“Every second, one person is displaced by disaster,” the Oslo-based Norwegian Refugee Council (NRC) reports. “In 2015 only, more than 19.2 million people fled disasters in 113 countries.
Disasters displace three to ten times more people than conflict and war worldwide. As climate change continues, it will likely lead to more frequent and severe natural hazards; the impact will be heavy, warns this independent humanitarian organization.
Climate change and related extreme weather events have devastated the lives and livelihoods of tens of millions of most vulnerable people worldwide. However, the crisis receives just a tiny fraction of mainstream media attention. “Climate change is our generation’s greatest challenge,” says Jan Egeland, Secretary General of the Norwegian Refugee Council.
26 million people are displaced by disasters such as floods and storms every year. That’s one person forced to flee every second. The International Organisation for Migration (IOM) forecasts 200 million environmental migrants by 2050, moving either within their countries or across borders, on a permanent or temporary basis. Many of them would be coastal population. The United Nations Environment Programme warns that coastal populations are at particular risk as a global rise in temperature of between 1.1 and 3.1 degrees C would increase the mean sea level by 0.36 to 0.73 meters by 2100, adversely impacting low-lying areas with submergence, flooding, erosion, and saltwater intrusion.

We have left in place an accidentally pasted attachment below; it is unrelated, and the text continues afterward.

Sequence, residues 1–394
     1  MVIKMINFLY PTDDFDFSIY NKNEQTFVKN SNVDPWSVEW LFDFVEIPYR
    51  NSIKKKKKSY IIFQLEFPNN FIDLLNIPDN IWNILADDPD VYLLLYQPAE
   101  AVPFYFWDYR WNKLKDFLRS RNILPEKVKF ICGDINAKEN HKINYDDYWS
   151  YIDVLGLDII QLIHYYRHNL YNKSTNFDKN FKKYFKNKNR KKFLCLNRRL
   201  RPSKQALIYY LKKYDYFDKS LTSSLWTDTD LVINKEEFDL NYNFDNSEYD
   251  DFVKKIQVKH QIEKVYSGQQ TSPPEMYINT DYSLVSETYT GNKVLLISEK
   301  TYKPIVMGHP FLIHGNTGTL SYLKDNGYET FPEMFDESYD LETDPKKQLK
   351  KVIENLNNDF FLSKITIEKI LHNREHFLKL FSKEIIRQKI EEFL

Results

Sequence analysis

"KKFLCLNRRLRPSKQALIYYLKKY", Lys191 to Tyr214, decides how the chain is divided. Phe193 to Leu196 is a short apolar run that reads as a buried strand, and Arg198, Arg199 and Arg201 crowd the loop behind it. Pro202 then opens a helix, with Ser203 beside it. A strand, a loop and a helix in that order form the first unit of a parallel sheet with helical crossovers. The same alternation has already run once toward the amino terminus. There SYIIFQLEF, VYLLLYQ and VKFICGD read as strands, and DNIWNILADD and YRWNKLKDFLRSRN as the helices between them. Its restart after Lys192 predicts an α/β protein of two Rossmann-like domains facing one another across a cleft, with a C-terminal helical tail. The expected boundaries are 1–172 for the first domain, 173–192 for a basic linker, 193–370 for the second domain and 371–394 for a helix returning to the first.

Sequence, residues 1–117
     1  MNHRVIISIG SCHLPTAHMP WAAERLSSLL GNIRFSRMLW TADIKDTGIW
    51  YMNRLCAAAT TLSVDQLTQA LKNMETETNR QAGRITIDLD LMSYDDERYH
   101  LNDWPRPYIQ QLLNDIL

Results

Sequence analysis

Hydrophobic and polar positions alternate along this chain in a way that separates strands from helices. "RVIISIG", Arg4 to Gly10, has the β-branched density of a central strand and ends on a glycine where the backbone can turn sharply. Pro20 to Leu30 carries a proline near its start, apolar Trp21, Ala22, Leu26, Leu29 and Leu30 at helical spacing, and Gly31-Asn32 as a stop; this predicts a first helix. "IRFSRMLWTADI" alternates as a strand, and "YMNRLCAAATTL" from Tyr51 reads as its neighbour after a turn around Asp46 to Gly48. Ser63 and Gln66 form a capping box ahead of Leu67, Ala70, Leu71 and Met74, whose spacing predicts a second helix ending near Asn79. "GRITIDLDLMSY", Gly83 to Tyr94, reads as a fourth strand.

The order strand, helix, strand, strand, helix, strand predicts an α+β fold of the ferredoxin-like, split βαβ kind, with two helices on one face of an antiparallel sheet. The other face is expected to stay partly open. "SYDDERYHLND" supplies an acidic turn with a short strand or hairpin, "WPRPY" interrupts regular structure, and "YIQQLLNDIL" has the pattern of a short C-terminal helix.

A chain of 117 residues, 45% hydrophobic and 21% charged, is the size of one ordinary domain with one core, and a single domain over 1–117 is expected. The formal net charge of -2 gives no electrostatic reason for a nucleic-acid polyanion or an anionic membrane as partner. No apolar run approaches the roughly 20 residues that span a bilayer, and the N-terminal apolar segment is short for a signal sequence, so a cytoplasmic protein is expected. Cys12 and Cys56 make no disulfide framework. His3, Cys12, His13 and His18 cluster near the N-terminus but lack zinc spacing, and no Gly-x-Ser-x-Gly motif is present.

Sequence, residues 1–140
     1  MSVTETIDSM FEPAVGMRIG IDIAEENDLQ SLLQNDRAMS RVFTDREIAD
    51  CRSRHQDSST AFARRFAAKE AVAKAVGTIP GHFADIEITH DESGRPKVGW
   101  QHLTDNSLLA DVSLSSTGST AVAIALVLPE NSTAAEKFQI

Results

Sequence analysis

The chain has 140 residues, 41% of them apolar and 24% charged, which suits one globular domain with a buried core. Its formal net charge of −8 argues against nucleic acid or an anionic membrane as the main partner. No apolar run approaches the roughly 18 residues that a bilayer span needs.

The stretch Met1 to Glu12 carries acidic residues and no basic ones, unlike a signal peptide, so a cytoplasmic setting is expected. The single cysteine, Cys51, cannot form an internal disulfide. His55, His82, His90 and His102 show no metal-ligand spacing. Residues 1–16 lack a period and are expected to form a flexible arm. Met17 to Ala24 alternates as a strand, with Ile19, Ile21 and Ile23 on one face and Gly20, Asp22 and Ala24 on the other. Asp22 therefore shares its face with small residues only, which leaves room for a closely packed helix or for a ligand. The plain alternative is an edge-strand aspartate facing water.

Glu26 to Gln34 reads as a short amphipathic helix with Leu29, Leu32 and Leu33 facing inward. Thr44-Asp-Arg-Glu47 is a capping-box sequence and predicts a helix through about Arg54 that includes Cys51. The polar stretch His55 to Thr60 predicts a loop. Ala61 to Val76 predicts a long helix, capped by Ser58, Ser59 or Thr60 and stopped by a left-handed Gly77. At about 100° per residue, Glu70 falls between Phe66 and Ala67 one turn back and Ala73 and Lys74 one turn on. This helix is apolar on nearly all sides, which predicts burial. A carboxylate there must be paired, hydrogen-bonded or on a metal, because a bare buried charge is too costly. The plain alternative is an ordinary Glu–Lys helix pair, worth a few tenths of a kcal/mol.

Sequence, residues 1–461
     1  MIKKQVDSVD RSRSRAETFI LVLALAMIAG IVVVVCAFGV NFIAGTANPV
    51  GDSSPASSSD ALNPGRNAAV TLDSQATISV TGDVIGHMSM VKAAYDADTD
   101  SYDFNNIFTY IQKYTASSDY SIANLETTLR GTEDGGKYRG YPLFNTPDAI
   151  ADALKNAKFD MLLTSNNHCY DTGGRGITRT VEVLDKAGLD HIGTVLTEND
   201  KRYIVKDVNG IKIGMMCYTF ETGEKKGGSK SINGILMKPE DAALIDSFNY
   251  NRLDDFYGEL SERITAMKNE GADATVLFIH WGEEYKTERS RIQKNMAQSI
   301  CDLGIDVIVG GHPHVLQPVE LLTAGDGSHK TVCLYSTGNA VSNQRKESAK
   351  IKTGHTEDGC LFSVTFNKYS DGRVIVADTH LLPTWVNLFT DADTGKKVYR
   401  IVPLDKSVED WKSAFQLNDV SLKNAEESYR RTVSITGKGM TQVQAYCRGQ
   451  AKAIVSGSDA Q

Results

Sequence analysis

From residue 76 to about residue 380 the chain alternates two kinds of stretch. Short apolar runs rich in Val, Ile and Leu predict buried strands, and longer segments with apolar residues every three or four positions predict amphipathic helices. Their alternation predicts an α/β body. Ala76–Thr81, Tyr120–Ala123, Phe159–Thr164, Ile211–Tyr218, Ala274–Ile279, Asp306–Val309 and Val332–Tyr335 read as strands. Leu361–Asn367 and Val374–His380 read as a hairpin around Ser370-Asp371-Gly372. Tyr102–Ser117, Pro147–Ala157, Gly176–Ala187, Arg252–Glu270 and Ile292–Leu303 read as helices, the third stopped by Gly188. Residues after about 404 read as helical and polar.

Director general of the International Organisation for Migration, William Lacy Swing, said that coastal migration is starting already but it is very hard to be exact as there is no good data to be able to forecast accurately. “We do not know. But it is clearly going to figure heavily in the future. And it’s going to happen both in the low-lying islands in the Pacific and the Caribbean, and in those countries where people build houses very close to the shore and have floods every year as in Bangladesh. It is quite clear that we will have more and more conflicts over shortages of food and water that are going to be exacerbated by climate change,” Lacy Swing warned.